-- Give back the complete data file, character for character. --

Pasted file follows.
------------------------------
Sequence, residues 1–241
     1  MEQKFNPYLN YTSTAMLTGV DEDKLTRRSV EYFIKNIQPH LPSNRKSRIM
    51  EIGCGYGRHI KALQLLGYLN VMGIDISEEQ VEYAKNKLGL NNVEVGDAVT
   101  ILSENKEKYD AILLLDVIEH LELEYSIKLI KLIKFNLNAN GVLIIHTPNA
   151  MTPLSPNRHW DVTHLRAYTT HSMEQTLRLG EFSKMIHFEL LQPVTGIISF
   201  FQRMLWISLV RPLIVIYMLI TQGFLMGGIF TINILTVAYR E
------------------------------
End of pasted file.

Sequence, residues 1–241
     1  MEQKFNPYLN YTSTAMLTGV DEDKLTRRSV EYFIKNIQPH LPSNRKSRIM
    51  EIGCGYGRHI KALQLLGYLN VMGIDISEEQ VEYAKNKLGL NNVEVGDAVT
   101  ILSENKEKYD AILLLDVIEH LELEYSIKLI KLIKFNLNAN GVLIIHTPNA
   151  MTPLSPNRHW DVTHLRAYTT HSMEQTLRLG EFSKMIHFEL LQPVTGIISF
   201  FQRMLWISLV RPLIVIYMLI TQGFLMGGIF TINILTVAYR E